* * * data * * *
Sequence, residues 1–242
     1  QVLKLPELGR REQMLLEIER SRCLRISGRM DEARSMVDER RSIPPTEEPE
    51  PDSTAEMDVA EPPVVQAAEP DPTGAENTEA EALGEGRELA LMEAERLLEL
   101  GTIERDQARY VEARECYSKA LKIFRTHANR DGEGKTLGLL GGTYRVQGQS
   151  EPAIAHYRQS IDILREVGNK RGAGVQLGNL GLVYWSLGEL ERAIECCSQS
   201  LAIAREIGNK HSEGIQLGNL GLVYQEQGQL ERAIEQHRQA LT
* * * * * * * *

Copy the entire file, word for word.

Sequence, residues 1–242
     1  QVLKLPELGR REQMLLEIER SRCLRISGRM DEARSMVDER RSIPPTEEPE
    51  PDSTAEMDVA EPPVVQAAEP DPTGAENTEA EALGEGRELA LMEAERLLEL
   101  GTIERDQARY VEARECYSKA LKIFRTHANR DGEGKTLGLL GGTYRVQGQS
   151  EPAIAHYRQS IDILREVGNK RGAGVQLGNL GLVYWSLGEL ERAIECCSQS
   201  LAIAREIGNK HSEGIQLGNL GLVYQEQGQL ERAIEQHRQA LT